"The last Congress has given a constitution whose working in itself calculated to lead to Swaraj. It is intended to secure in every part of India representative committees working in conjunction with, and under willing and voluntary submission to a central organisation—The all India Congress Committee. It establishes an adult suffrage open to men and women subject only to two qualifications signing of the creed and a nominal payment of four annas. It is intended to secure due representation of the parties and communities, if then, it is honestly worked, and commands confidence and respect, it can oust the present Government without the slightest difficulty. For, the latter has no power except through the co-operation willing or forced, of the people. The force it exercises is almost through our own people. One lac of Europeans, without our help, can only hold less than one seventh of our villages each and it would be difficult for a man even when physically present, to impose his will on, say four hundred men and women—the average population of Indian village."


He said that we have therefore to concentrate our attention up to the 30th of June on getting:


(1) One crore of rupees for Tilak Swaraj Fund.

(2) One crore members on the Congress register.

(3) The spinning wheel introduced in twenty lacs of homes.


He added, however:


"This programme does not mean cessation of the other activities of Non-co-operation. They go on. Drink and untouchability must vanish. The education movement is steadily going forward. The National institutions that have sprung up will, if they are efficiently managed make headway and attract students who are still hesitating. The pleaders, always a cautious and calculating class by training, will, as they see the movement progressing more and more, fall in line with the rest of the country. Boycott of law courts by the public is making fair progress. These things do not now require concentration of universal effort. They apply to special classes. But the three things mentioned by me are the most essential: they must be done now and without them the movement, as a mass movement must be pronounced a failure." "Young India" 30th March.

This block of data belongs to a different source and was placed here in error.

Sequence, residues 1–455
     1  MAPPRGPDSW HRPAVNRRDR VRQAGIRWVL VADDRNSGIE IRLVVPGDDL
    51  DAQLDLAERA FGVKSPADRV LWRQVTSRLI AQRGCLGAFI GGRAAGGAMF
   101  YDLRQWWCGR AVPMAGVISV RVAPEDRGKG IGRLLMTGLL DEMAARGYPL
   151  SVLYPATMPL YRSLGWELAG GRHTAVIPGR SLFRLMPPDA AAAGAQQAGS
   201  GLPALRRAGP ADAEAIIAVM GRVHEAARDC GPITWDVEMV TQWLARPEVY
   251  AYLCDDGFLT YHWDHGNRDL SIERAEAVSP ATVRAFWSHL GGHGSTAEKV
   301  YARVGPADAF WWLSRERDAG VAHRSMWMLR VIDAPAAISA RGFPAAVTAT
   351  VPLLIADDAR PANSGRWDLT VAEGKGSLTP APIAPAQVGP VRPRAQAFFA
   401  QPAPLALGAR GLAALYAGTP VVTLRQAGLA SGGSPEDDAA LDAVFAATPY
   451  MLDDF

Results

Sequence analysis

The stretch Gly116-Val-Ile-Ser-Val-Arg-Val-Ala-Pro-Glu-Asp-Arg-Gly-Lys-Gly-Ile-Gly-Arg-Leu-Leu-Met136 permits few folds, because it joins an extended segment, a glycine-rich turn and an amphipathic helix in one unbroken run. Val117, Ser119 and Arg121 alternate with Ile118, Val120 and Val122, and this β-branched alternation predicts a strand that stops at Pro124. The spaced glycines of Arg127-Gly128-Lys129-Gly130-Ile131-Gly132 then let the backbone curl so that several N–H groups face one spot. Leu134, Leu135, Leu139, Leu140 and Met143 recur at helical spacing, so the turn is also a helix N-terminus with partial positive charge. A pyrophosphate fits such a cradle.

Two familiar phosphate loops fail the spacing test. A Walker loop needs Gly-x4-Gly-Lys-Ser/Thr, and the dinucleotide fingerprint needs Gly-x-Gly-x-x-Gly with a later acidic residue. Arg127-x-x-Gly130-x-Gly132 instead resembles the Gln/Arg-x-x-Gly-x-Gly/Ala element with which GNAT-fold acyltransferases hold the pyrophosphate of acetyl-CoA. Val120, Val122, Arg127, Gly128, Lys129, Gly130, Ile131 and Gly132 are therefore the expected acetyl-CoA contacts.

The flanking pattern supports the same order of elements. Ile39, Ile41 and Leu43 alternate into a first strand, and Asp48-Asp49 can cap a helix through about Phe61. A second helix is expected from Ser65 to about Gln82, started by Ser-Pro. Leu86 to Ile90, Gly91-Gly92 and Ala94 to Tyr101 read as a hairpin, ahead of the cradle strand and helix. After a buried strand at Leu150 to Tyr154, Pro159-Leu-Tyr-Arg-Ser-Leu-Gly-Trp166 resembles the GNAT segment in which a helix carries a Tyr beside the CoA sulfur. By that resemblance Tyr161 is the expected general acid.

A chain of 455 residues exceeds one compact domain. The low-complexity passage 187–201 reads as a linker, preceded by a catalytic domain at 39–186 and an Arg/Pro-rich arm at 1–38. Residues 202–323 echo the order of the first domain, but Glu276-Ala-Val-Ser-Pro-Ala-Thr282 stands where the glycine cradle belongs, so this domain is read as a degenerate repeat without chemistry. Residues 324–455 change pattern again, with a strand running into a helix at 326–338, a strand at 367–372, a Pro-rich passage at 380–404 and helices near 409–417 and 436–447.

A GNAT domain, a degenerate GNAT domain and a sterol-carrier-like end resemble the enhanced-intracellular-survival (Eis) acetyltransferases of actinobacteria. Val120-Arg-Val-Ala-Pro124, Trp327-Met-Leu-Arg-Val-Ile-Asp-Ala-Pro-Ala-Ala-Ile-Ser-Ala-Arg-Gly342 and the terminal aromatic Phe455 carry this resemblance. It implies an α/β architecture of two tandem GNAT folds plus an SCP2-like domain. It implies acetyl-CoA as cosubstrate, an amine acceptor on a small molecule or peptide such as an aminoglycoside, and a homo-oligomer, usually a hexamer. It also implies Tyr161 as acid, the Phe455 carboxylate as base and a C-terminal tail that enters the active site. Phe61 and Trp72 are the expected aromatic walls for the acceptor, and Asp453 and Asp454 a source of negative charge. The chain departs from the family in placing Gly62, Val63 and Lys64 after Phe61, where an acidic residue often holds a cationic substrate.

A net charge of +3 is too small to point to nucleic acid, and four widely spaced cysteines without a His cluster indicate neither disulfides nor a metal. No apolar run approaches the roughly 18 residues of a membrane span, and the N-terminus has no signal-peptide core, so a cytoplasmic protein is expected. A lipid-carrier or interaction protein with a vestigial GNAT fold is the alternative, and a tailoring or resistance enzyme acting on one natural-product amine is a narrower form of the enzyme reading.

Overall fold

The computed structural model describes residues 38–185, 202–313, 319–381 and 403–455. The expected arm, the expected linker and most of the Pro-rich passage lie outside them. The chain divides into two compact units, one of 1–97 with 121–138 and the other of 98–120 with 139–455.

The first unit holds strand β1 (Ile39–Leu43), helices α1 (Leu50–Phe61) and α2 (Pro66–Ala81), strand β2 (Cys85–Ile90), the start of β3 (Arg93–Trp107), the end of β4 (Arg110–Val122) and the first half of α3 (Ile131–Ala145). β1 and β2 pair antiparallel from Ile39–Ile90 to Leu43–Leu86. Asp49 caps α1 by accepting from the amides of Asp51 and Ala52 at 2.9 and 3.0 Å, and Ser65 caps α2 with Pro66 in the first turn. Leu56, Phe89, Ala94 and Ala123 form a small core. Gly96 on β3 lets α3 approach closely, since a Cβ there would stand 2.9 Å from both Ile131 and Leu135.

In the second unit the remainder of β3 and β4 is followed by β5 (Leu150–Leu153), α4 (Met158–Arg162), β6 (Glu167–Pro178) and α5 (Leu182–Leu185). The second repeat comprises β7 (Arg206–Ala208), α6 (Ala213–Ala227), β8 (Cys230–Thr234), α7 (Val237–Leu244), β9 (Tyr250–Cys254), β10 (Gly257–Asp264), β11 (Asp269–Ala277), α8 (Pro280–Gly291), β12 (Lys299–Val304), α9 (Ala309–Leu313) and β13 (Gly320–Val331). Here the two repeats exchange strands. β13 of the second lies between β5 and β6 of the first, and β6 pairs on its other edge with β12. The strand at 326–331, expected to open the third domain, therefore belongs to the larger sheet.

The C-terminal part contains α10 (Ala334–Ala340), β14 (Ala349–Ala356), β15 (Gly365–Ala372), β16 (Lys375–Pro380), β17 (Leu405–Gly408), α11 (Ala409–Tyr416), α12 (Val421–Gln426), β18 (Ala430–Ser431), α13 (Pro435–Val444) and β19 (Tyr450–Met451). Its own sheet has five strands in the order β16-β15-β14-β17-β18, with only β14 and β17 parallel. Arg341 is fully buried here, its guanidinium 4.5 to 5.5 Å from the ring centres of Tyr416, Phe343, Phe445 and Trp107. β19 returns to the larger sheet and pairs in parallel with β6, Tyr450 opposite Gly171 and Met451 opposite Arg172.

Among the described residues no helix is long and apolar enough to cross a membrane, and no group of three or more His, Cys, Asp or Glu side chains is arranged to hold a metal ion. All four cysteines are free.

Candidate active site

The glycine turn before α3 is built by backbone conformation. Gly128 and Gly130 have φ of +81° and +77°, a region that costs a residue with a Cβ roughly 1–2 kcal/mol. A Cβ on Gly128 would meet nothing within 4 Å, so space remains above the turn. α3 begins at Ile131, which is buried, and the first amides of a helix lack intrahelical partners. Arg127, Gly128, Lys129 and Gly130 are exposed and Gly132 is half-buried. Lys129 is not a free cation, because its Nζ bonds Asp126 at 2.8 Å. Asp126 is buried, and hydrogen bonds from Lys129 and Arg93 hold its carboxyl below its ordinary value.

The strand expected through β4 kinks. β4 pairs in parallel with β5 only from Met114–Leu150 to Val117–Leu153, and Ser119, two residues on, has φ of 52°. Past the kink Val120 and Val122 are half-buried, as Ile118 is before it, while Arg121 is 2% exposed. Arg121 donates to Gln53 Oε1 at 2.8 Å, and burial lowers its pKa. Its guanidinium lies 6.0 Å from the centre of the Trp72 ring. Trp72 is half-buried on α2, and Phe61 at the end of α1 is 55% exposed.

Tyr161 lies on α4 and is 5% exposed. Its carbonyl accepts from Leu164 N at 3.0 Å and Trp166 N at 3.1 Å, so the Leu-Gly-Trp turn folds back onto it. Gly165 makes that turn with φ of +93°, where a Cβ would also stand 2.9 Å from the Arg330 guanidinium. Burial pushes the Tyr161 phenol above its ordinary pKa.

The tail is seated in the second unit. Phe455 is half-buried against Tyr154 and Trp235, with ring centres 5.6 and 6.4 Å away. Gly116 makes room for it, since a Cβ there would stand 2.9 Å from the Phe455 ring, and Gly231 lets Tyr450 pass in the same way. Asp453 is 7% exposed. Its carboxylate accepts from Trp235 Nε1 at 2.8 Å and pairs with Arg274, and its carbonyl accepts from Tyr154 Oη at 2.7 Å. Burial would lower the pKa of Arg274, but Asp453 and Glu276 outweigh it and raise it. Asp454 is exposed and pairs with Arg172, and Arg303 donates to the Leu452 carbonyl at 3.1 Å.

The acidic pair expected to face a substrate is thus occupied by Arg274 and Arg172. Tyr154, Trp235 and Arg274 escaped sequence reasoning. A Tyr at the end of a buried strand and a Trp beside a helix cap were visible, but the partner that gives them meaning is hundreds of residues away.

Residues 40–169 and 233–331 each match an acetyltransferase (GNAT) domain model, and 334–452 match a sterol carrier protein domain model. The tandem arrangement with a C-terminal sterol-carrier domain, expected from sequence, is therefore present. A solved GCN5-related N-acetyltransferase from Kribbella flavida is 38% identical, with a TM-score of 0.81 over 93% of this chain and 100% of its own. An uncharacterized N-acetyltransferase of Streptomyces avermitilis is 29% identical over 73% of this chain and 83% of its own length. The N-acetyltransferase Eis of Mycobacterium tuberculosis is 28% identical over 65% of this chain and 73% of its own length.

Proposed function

After this it is impossible to rely upon boycott of schools &c. as conditions for Swaraj within a year. It is now admitted and the Secretaries report that the money demanded has been collected. Such money was paid on the fraudulent representation of Swaraj within the year. Judged by ordinary standards Mr. Gandhi's whole procedure with the promises, the persuasions, the evasions, the subterfuges and all the other manoeuvres, would be characterised by men of the world and of sane judgment in language, I hesitate to reproduce, for the simple reason that I believe that Mr. Gandhi is honest in his self-hypnotisation. I believe he does not really know what he is doing. At least this is the only possible charitable assumption when we watch his feats of political acrobatics which have the power of deluding such vast numbers of people making them passionately intolerant, violently intolerant often, of the slightest criticism of their hero.